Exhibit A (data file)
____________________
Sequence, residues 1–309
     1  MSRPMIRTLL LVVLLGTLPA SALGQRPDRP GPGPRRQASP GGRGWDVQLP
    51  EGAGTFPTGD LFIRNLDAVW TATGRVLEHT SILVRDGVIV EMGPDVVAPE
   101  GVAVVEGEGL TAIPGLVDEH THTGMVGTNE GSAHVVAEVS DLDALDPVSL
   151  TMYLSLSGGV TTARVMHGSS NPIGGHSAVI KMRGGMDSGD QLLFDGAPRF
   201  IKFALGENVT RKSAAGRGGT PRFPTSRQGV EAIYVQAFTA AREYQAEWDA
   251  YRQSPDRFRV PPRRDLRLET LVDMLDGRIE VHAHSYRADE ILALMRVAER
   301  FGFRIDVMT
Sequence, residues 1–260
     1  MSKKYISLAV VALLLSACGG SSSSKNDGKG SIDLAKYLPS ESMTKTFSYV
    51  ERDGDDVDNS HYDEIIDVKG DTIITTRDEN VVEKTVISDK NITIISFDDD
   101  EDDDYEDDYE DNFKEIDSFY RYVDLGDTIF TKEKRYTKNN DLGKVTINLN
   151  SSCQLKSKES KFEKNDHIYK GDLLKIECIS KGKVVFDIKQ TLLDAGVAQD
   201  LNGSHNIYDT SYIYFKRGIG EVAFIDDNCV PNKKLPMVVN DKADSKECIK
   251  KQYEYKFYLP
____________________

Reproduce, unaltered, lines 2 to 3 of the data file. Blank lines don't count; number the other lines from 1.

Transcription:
     1  MSRPMIRTLL LVVLLGTLPA SALGQRPDRP GPGPRRQASP GGRGWDVQLP
    51  EGAGTFPTGD LFIRNLDAVW TATGRVLEHT SILVRDGVIV EMGPDVVAPE